Big Bear trainer Sanchez boldly claimed that the Nevada State Athletic Commission allowed Alvarez to use an illegal hand wrapping technique called ‘stacking’ for the previous fight. The Tijuana-born coach was then tossed from the room where the wrapping took place by the commission inspector, while, rather bizzarely, ‘Canelo’s’ promoter Eric Gomez, of Golden Boy, hit back. He exclaimed that Sanchez lacks experience of being in Las Vegas for big fight nights, as this is how hands are supposedly wrapped in fights that take place in the city.
Calls have been made for the rematch to be cancelled after the latest ‘Canelo’ controversey. Not a chance. Ironically, and rather frustratingly for those hoping to finally see the sport cleaned of cheaters, this drama will actually only add to the publicity of the second scuffle between the pair of talented prize-fighters, exactly what Oscar De La Hoya and co. want. Simply put, there’s too much money on the line in such a grand spectacle for this to be derailed by recent events, no matter how serious.
It’s most likely set to be the biggest bout of the year, unless Deontay Wilder and Joshua finally collide in a heavyweight unification scrap at some stage or Mayweather Jr decides to come back and handpick another gimmick opponent for ‘one last’ payday. Therefore, despite the star of proceedings being buzzed for an illegal substance, the show will go on as expected.
After all the deliberating online and the instant backlash from fans, pundits, coaches and other opinionated fighters, it’s possible that ‘Canelo’ simply did contract the substance from some tainted Mexican meat. But it’s the laid back approach and unopposing stance that those higher up have taken that continues to frustrate the concerned masses. While it’s impossible to prove, if the shoe were on the other foot and Golovkin was popped for the substance, it’s more than likely there would be a much sterner, deeper enquiry into the matter. His legacy would be scrutinised and every achievement to date ridiculed from the opposing party and its legions of followers.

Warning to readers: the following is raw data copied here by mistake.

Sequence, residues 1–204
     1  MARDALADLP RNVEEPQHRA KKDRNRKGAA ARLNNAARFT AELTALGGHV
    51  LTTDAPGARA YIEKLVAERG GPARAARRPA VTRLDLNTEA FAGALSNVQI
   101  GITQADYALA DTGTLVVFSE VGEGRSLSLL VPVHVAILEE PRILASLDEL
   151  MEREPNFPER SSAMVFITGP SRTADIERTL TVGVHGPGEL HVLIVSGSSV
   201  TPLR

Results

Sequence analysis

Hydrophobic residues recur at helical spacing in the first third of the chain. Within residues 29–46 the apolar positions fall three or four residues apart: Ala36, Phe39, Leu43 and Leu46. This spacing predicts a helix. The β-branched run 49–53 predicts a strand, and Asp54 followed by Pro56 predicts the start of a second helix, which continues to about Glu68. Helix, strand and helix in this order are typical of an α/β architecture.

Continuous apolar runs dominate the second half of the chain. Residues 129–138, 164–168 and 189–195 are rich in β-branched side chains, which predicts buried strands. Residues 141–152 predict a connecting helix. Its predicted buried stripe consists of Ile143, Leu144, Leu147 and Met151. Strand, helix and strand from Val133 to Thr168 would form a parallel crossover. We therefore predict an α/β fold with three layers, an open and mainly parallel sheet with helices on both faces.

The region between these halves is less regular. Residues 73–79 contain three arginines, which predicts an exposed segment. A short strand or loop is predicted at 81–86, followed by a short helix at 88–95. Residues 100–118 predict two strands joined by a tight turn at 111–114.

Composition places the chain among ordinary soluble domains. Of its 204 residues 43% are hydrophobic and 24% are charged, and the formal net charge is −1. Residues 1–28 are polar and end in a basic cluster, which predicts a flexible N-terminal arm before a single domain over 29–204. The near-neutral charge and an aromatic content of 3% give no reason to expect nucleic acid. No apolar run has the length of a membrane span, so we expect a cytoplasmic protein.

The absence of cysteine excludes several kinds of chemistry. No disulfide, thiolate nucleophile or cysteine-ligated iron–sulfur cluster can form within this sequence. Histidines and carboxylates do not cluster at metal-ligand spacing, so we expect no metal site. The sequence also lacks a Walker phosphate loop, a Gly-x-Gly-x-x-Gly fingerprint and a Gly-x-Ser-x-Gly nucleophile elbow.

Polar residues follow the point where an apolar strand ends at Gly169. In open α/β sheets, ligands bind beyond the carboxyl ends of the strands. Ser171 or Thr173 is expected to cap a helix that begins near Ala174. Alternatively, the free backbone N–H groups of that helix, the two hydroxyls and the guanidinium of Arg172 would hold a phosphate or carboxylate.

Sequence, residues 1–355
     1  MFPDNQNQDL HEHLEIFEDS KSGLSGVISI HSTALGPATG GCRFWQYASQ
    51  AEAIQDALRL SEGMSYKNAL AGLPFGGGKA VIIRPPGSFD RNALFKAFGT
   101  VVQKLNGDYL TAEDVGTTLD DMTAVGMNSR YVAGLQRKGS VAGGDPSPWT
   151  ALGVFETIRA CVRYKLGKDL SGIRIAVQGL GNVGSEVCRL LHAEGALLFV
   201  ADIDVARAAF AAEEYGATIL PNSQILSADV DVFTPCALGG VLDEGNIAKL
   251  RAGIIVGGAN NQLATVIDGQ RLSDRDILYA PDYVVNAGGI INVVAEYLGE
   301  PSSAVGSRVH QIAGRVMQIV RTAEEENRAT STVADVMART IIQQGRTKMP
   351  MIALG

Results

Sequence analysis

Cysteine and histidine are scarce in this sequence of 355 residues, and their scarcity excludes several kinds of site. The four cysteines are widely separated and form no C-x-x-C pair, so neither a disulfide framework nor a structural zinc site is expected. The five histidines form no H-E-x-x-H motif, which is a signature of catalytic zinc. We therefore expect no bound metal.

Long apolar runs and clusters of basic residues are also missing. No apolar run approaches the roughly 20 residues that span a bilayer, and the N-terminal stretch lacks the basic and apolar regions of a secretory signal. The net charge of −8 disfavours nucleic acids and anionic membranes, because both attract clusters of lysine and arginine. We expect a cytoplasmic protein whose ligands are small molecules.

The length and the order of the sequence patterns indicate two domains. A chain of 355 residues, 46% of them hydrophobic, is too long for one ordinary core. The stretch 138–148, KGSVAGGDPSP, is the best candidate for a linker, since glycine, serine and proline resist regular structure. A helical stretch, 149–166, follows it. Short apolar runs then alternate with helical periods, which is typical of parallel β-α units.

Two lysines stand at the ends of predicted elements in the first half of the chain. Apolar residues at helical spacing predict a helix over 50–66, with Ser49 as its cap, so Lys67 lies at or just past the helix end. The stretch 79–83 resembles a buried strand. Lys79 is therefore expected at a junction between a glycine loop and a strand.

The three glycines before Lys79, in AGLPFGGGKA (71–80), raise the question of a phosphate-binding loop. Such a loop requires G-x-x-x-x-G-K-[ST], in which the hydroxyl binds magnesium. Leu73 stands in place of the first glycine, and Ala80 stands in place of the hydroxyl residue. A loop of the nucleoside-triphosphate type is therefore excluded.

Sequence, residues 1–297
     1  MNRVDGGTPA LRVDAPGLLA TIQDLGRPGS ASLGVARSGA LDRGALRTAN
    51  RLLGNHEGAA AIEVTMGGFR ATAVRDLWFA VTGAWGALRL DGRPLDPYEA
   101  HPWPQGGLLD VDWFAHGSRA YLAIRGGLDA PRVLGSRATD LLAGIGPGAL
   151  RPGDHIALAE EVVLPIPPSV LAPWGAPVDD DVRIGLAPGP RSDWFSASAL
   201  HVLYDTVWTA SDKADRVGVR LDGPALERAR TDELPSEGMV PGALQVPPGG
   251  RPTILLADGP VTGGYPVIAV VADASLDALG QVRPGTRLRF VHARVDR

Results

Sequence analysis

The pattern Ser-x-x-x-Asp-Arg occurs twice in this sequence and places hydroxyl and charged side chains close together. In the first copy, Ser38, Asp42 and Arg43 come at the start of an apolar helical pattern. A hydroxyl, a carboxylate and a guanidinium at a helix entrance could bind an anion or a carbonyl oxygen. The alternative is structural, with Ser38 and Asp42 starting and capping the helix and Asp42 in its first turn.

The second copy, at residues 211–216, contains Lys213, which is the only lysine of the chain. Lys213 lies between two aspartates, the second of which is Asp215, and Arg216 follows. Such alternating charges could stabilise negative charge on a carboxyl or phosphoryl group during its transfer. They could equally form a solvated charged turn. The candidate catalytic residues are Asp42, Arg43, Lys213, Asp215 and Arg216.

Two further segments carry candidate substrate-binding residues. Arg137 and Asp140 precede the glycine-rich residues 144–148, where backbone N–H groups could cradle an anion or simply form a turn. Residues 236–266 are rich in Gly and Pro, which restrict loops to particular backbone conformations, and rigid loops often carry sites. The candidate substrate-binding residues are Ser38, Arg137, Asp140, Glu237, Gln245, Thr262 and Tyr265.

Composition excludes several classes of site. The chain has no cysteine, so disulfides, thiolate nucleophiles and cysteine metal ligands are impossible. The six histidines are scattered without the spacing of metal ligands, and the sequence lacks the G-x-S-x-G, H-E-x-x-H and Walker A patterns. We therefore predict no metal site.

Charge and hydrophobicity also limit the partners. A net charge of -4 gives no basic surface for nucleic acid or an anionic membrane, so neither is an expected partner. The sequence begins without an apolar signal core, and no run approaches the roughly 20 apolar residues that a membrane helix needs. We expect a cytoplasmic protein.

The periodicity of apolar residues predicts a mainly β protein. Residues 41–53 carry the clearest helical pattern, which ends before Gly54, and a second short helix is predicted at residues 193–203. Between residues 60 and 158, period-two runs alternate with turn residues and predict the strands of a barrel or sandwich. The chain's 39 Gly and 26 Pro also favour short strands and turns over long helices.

If boxing truly wants to rid the sport of performance enhancing drugs, then those in power had the most promising and convincing opportunity to do so with the ‘Canelo’ case. A lengthy ban or a postponement or cancellation of the ‘GGG’ rematch until proven truly innocent would have made a huge impact on those thinking of getting involved in enhancing properties themselves in the future.
Making an example of the Mexican superstar would have been a clear-cut and thorough way of dealing with this problem, which is constantly rearing its ugly head in a sport which really doesn’t need any further demons being awakened.
The news of that failed test spread like wildfire and previous incidents or events subsequently became even more suspicious as a result. All those fights at random catchweights. The guilty worry from ‘Canelo’ after brutally knocking out Amir Khan. The substantial growth in overall size in such a short space of time.
All this could turn out to be a mistake and ‘Canelo’ may have been the victim of an accidental intake. But many still hold the belief that there’s no smoke without fire when it comes to these situations, and specifically one involving a fighter of such magnitude where allegations are so casually swept under the carpet in the immediate aftermath.
Nevertheless, the biggest fight of the year hasn’t been affected, as ‘Canelo’ continues to prepare for Golovkin on May 5th, Cinco de Mayo weekend, when the red-headed Mexican will look to claim his biggest career victory to date; albeit a potentially tainted one.